When Advice Goes Stale: Outdated Best Practices?

I do a lot of travel for work, where I often get the chance to discuss email marketing best practices with experts from other areas of digital marketing who have some level of responsibility to email marketing as a discipline. Often, what strikes me is the "best practices" and recommendations that are being made to clients. During a recent speaking opportunity, I got some pretty funny questions from attendees that I am obviously compelled to share.

Here is an example of some of the dialogue -- enjoy! And feel free to chime in or ask questions of your own. I'm here all week! 

The conversation started innocently enough. We were discussing the pieces of an email that need to be reviewed prior to hitting the send button.  So, the obvious and initial direction was the more obvious points: proofreading and editing. While email is certainly a less formal communication channel, it's still a reflection of your brand -- and nothing says "I don't pay attention to what I am doing" more than erroneous typos, spelling and grammar errors. And go beyond Spell Check, which doesn't catch everything.



Next, we moved to link functionality, rendering and design. Here are some of my favorite questions (defined as those that made me scratch my head and wonder why some of this advice is still being doled out): 

Attendee:         I've noticed that a lot of email communications are getting shorter, with less copy. Why is that? When you have all this room to really explain your offer or promotion, why not use the space? 

Me:         Email isn't really read -- it is scanned. You have about three seconds to get someone's attention, and another five to seven seconds to truly convey your message. That needs to be done with effective headlines, bullets and calls-to-action. Less is more.

Attendee:         I was told to not include more than 68 characters per line within my email communications. Why is that?

Me:         Wait, what? 68 characters per line? While it is true that most email applications will render 68 characters or less within the body of the email, I wouldn't use it as a copywriting rule of thumb. Keep your copy concise -- write for the scanner, not the reader. Avoid large blocks of text -- never more than four lines of copy appearing together. It can be daunting for the recipient,  depending on the type of message.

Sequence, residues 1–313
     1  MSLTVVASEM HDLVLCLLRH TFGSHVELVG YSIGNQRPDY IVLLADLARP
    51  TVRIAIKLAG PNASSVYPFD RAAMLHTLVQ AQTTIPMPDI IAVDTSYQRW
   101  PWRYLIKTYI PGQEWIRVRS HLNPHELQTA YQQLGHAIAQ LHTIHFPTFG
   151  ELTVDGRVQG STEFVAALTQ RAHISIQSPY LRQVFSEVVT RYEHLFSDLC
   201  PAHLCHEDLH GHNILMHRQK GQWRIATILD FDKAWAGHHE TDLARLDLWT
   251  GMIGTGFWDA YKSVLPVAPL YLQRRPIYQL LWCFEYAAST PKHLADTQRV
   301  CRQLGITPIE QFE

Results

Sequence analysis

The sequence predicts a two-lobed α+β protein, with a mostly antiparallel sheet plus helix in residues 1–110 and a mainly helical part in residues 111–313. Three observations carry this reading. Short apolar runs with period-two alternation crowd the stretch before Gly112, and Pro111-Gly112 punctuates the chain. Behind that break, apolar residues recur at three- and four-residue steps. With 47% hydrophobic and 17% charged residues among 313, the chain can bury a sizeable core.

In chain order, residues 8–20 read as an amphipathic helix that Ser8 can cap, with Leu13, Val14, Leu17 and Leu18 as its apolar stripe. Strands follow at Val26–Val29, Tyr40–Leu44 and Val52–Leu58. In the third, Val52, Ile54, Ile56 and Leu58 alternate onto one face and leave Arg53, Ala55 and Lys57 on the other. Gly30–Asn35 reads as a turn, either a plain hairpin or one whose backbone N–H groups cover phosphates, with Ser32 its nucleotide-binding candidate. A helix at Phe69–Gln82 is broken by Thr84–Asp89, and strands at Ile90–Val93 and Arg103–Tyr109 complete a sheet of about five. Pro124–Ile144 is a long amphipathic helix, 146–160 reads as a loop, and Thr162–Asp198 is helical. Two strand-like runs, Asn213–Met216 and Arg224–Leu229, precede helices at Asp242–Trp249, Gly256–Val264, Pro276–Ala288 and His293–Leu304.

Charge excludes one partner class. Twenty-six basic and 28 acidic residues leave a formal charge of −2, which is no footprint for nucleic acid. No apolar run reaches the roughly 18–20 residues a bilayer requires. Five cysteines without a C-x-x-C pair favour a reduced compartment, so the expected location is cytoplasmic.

Attendee:         I was told to avoid words like "free" "call" "lose" "money" or "opportunity" in my subject line so that I am not placed in the bulk folder. Is this something I really need to worry about?

Me:         If you had asked me that question five years ago, I would have said "yes" and handed you a document of common spam trigger words. Realistically, today, trigger words like that aren't as much of a concern. For legitimate email marketers, the elements that drive inbox placement have more to do with spam complaints, bounces and a recipient's engagement with your email communication. It is about your reputation as a sender, not the words that appear in your subject line.

Attendee:         Why can I only have 35 characters in my subject line? 

Me:         Subject lines are subjective, and response is unique to an individual at any given moment in time. Recipients want the subject line to be engaging, to grab their attention and to pull them into the message. Do it in 35 characters or 135 characters - as long as it gets the job done. If you have nothing compelling to say, it doesn't matter if you said it in 35 characters.

Subject lines should always be tested, in real time, for impact on a specific message at a single moment in time. You don't always have to include your company name at the front of the subject line or even include an offer. You may be surprised what works and what doesn't -- and how that varies from one day to the next.